Choosing the best kitchen tiles is really important whether you are designing a new kitchen, or giving your room an update. On walls, they’ll protect working areas, including behind the hob and the splashback, and as kitchen flooring, they’re hard wearing, easy to clean and handsome. Below we explore all the options so you can pick the best kitchen tiles for your space.
- For more tips on how to choose the best kitchen flooring head over to our guide
- Kitchen splashback ideas: how to choose the best design for your revamp
How to choose the material of kitchen tiles
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There’s an enormous choice of tiles suitable for kitchen walls and floors. Manmade tiles are the most cost-conscious option, and the easiest to look after. Different designs and colours, either plain or patterned, and a range of finishes mean you can create a scheme you love. Natural stone is a more expensive choice, but has beauty and individuality. Stone tiles (see our guide on choosing stone flooring) have stricter care requirements than manmade, but follow the rules and you can keep stone looking lovely.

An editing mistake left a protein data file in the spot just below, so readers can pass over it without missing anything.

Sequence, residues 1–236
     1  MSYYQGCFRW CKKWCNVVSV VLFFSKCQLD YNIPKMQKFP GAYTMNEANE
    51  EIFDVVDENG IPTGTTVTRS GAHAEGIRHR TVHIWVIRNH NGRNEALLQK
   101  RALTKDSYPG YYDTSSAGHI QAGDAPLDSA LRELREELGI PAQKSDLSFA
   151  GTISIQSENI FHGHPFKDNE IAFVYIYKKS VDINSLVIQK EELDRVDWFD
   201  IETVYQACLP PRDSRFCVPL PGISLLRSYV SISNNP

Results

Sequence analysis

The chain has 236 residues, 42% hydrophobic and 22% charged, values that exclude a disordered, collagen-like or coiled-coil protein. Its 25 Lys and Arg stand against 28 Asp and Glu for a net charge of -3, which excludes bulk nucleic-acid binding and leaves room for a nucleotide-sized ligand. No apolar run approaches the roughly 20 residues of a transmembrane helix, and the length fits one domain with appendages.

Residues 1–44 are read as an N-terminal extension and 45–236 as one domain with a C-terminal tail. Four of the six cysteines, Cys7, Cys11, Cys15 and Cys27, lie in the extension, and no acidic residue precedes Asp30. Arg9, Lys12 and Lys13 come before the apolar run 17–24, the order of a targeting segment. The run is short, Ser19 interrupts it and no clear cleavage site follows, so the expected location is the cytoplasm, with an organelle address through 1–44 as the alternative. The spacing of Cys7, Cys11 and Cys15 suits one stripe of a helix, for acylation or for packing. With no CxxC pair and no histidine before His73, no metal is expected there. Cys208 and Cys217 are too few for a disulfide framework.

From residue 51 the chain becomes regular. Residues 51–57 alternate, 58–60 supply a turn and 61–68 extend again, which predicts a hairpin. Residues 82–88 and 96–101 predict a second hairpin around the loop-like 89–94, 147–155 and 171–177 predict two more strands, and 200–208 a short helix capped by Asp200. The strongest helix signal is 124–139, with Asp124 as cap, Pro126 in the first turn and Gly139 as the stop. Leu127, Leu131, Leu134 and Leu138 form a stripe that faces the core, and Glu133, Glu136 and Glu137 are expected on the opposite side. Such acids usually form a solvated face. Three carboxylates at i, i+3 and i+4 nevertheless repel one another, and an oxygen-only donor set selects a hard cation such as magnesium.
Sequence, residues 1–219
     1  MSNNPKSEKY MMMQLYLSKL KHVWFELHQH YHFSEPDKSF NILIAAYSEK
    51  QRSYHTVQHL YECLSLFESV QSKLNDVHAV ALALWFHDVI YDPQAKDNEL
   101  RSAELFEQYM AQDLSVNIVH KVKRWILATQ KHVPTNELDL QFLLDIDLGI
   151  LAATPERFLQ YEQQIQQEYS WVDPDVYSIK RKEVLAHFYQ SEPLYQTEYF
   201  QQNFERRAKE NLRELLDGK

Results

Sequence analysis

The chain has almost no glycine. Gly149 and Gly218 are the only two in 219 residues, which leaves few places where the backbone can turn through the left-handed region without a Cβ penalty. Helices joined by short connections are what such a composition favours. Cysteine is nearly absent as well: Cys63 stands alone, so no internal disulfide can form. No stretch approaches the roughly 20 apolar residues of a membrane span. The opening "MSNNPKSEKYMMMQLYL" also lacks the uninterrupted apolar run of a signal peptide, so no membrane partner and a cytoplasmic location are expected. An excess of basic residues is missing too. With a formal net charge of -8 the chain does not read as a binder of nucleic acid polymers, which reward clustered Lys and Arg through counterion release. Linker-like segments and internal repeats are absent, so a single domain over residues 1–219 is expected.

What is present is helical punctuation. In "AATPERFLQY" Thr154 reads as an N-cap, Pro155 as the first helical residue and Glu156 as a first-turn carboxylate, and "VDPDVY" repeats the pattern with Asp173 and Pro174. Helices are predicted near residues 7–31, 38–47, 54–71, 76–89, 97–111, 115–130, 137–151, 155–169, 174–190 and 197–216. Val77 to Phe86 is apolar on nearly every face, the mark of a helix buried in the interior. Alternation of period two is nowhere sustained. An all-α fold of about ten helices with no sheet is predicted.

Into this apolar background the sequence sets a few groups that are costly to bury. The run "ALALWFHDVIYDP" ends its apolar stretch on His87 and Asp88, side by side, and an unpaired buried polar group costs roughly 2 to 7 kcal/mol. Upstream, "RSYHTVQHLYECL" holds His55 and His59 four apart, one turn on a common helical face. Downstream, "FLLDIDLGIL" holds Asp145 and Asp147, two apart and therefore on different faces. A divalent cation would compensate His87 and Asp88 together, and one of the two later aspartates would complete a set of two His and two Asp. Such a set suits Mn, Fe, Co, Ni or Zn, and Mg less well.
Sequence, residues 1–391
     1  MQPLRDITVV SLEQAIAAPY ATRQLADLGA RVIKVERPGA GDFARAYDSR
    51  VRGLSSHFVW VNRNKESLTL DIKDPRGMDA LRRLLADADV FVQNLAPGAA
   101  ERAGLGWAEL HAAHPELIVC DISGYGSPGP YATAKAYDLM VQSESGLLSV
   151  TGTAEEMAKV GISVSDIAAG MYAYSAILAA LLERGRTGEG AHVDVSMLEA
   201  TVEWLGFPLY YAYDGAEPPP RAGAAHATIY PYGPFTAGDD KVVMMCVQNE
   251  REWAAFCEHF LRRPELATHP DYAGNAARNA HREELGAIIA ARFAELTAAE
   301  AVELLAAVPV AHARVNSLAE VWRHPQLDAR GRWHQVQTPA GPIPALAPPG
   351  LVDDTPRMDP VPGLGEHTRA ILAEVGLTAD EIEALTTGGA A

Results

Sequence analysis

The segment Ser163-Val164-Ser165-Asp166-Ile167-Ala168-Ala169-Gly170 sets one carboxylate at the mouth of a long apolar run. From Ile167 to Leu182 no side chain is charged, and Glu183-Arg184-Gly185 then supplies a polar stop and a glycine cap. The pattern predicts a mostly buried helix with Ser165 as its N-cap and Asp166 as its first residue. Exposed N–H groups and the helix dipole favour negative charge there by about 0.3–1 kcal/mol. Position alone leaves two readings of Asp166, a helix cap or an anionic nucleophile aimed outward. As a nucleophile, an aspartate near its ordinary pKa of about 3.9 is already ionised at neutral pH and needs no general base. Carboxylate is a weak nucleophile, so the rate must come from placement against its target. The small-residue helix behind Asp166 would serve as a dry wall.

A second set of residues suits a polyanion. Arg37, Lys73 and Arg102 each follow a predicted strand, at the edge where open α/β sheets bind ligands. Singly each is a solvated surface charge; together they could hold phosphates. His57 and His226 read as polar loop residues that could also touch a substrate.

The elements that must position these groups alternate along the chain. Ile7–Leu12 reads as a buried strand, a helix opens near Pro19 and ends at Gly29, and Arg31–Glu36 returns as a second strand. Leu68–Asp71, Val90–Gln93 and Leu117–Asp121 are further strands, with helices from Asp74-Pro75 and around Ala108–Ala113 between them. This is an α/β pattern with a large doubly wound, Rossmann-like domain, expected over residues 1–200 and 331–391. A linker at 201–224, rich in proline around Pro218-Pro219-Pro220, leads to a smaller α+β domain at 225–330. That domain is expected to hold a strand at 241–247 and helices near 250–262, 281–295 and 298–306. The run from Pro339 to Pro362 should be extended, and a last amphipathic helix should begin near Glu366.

Natural stone kitchen tiles
Check out marble, limestone, travertine and slate for kitchen walls and floors. Bear in mind that natural stone (see our guide on choosing stone flooring) must be sealed to protect it, and it needs to be cleaned with products designed for the stone; supermarket staples are too harsh. Finishes for natural stone tiles include the sheen of a polished tile, the smooth contemporary honed, and aged-looking tumbled.
Marble typically comes in tones of grey and white, but there are striking dark and coloured shades, too. Likewise, veining can be subtle or dramatic. Don’t lay polished marble on a kitchen floor, as it can cause a slip hazard.
Limestone is widely available. Beige, grey, cream and dark colours mean it can be used to create a whole host of different looks. Limestones can have differing durability, so make sure that if you’re using it on the floor, the stone is hard wearing enough for a heavy-traffic room.